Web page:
“Mostly,” she says, “the animals are just straight up dead.”

It’s chilly in Charleston, late in the afternoon, and she is wearing a yellow peacoat, a cozy sweater with large buttons, jeans and cowboy boots.  She has short blonde hair and a frank, wide-set gaze.

Pointing out a tiny cut on the belly of a silvery blue snake, she tells me she’s been photographing road kill since 2007.

“See, he was probably clipped by a lawnmower.  This one was interesting.  With roadkill, you know, most things are stuck in rigor.  But snakes are flexible.  They have a little give.  So I wrapped him in position around this vase with wire, and stuck him in the freezer.”

She stepped back, looking at it.  “But it’s amazing how fast snakes melt.”

She’d poised him to coil upwards, after a beetle she perched in the vase’s bouquet.  But as the snake thawed, he began to droop, and she had to pop him back in the freezer.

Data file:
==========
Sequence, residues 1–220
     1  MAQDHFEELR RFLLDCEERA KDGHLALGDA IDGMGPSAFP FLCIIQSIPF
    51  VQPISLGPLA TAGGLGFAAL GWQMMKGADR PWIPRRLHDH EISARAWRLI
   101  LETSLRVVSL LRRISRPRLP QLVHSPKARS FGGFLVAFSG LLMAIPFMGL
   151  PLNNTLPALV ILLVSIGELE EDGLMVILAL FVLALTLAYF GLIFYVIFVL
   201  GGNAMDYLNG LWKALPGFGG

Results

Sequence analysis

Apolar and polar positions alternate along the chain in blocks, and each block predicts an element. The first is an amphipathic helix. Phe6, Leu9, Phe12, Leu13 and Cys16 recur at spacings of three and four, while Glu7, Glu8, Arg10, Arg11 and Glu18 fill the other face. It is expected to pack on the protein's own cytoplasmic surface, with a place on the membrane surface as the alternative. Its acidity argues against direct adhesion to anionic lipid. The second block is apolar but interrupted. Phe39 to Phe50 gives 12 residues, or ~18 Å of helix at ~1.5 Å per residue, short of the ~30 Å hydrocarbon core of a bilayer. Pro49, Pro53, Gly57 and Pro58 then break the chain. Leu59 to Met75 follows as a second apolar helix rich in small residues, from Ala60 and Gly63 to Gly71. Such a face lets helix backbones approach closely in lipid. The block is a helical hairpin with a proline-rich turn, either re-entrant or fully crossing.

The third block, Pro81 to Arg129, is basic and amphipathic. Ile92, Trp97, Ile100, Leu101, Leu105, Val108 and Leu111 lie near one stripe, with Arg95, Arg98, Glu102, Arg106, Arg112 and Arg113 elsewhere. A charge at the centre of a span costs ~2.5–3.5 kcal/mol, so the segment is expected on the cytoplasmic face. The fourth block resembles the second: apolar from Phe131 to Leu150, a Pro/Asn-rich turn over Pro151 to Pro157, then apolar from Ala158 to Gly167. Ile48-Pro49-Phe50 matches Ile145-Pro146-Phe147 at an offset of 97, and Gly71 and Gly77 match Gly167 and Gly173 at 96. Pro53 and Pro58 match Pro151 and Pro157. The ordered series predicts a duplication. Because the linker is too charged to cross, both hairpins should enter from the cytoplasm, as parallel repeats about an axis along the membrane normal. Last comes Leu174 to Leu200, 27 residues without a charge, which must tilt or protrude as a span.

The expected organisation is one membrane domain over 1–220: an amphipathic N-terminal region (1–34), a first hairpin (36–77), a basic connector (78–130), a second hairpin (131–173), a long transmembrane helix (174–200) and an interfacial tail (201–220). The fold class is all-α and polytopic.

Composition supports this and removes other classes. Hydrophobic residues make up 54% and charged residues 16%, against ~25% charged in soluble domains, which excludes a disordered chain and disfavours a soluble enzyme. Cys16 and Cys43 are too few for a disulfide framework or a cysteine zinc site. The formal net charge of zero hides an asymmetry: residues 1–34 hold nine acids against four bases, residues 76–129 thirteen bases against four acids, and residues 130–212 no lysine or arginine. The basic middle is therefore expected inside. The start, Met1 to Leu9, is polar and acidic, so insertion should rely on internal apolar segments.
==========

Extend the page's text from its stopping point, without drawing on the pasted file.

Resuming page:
“This deer over here-”  We walked to a collection of large photographs, each of a different fawn, positioned with milk glass, berries, vegetables.  “I had to put him back in the freezer three or four times.”  She uses a stand-up freezer with the shelves taken out.  “It’s big enough that you, for example, could just walk into it…”

“And this is twine, here?  Wrapped around his… what is this called…”

“His foreleg!  Well- so my studio is a sun porch.  It’s glassed in, so I get this wonderful natural light.  All my images use natural light.  But it’s small, just 5 or 6 feet.  I’d figured out exactly how I wanted him, but the way his leg was, I couldn’t get him all in frame.  I couldn’t back up far enough, you know.  So I took a hair dryer- this is gross, maybe you don’t want to put it in print- and I just bent over him and kind of… moved his leg…”  She moved her hands, making the gestures women use to explain how they did their hair.